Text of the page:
To ultimately succeed, however, health leaders realize that they need to, above all else, excel at attracting and engaging patients, families, caregivers, and consumers. 2018 will be the year of focus on patient capture and engagement. Providers will work with their patients, families, and caregivers to develop approaches so they more actively manage their health and health care.

This means engaging the patient in their health and health care outcomes from the beginning. This involves providing prevention, diagnosis, and monitoring services that support the total care experience. Done well, it creates stickiness to a high value care network. Organizations are focusing more on this from a human resources training and measurement vantage point. They are also establishing patient portals, providing wearable devices, implementing patient educational programs, screenings, and pushing targeted materials to patients based on their current and anticipated needs.

For example, one of our members is providing home monitoring tools as well as tablets for video consults to help patients meet their health goals. The program focuses on total patient care from prevention to recovery. Few people leave the program, and the organization has reduced overall costs by 34 percent per year and hospitalizations by nearly 50 percent.

Financial Imperative, Meet Actionable Data

A certainty for health system leaders is the need to improve productivity and efficiency. The approach, however, is going beyond the past’s focus on reducing head count and cost of supplies.

After years of avoiding care efficiency and standardization initiatives due to the difficulty of persuading clinicians to embrace them, health care leaders now have a larger and more urgent financial imperative to identify and isolate wasteful practices, cost outliers, and the root causes for the inefficiencies. The keys to success are a strong case for change and a prioritization of efficiencies that yield both cost and quality improvements. This is, therefore, all about data and analytics.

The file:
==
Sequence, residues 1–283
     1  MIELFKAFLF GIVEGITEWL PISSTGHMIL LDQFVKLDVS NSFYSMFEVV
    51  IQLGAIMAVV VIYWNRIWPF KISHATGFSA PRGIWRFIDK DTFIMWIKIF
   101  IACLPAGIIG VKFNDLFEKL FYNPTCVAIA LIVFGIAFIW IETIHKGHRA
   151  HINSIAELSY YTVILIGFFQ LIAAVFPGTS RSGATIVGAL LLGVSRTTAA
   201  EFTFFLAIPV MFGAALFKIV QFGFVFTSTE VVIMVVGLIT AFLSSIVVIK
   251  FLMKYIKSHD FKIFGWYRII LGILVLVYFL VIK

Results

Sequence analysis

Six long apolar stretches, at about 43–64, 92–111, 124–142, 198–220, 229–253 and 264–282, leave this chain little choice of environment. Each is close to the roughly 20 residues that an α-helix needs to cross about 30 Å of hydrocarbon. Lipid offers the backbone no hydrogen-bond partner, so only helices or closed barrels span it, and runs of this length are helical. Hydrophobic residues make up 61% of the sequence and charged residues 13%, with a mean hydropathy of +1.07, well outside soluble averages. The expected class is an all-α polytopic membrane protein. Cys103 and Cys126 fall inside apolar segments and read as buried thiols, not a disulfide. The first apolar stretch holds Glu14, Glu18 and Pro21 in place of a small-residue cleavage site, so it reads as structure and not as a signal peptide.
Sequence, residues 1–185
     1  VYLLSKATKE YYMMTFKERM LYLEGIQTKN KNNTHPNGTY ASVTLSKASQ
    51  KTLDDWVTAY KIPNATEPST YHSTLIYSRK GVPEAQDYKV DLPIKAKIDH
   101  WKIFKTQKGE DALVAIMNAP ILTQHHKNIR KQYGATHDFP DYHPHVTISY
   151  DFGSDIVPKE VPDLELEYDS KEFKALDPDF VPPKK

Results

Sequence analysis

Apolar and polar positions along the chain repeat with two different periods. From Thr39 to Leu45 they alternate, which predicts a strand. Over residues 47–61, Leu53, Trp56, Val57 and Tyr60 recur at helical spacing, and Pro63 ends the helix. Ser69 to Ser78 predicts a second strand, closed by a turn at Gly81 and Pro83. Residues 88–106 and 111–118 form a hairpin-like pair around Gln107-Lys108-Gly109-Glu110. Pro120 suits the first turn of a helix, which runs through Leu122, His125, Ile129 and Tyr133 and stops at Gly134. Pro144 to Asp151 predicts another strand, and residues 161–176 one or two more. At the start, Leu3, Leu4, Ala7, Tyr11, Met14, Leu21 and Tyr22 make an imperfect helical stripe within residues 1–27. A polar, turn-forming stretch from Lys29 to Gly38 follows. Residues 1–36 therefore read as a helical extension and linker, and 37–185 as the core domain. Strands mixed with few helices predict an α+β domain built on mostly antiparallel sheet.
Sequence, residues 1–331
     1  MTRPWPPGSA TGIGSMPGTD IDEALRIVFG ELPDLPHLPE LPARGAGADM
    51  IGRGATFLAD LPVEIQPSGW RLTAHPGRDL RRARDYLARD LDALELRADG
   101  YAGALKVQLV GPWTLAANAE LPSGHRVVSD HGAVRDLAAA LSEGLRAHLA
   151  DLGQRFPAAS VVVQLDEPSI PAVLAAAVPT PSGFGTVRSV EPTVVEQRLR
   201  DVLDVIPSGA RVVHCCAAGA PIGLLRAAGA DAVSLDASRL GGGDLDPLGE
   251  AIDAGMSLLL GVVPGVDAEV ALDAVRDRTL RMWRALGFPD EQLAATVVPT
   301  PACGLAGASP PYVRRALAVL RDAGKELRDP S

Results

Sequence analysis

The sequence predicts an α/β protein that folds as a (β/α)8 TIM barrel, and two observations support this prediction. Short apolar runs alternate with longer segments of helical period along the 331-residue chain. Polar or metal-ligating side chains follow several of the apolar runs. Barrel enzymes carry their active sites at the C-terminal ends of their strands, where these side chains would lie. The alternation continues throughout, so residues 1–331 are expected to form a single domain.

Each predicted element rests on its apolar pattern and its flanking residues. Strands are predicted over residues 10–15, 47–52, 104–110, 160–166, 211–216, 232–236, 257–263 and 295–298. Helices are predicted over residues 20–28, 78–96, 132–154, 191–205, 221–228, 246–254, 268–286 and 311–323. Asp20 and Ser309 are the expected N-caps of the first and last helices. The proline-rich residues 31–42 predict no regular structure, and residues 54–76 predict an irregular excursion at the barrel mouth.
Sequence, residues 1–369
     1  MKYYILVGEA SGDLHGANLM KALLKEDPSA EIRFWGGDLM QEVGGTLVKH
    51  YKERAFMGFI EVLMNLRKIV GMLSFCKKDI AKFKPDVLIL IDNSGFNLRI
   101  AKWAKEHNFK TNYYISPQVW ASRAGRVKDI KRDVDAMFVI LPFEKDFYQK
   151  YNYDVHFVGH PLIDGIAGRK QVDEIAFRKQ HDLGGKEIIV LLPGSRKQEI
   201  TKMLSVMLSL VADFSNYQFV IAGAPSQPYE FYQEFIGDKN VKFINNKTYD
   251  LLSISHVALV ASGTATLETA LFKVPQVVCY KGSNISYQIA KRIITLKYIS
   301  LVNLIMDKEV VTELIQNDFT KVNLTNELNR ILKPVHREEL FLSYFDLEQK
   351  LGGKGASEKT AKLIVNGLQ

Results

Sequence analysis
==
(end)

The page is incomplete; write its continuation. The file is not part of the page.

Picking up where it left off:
Recent cost containment efforts we have pursued with our members provides a sense of scale.  These health care systems range in size from 6 to 19 hospitals and their care transformation work has achieved savings ranging from $180 to $250 million over two years. Another specific example is a health system member of ours that realized $13 million in savings by driving care process standardization across their departments that touch just ICU and blood utilization. In addition to the savings they also improved their quality scores and reduced patient complications and readmissions. Premier data found a lot of opportunity for other hospitals around ICU stays, potentially reducing expensive ICU stays by 200,000 days across 786 hospitals. This is precisely where providers are now focusing their efforts.

2018 will be the year of delivering efficient, highly reliable care. With today’s financial imperative and actionable data, health care leaders are achieving a new level of efficiency and productivity.

America’s Other Drug Problems: Cost And Competition

Rising drug prices continue to be a dominant concern to health care leaders. Pharmaceutical innovation holds great promise for helping providers achieve their mission to improve and sustain patient lives, but it’s also a Catch-22. As providers are increasingly assuming accountability for the health outcomes of a population, six figure drug price tags and unpredictable price increases threaten financial planning and cool the enthusiasm for taking risk. 2018 will be a year of increased legislative and regulatory policymaking to foster increased drug market competition.

The FDA has and will continue to step up its game with new initiatives designed to unleash more competition that can moderate drug price trends. These include encouraging new market entrants to rapidly start developing generics in classes where there is no competition, streamlining the generic drug approval process, promoting biosimilars and taking steps to prevent branded drug makers from exploiting programs like the Risk Evaluation and Mitigation Strategy and citizens’ petitions.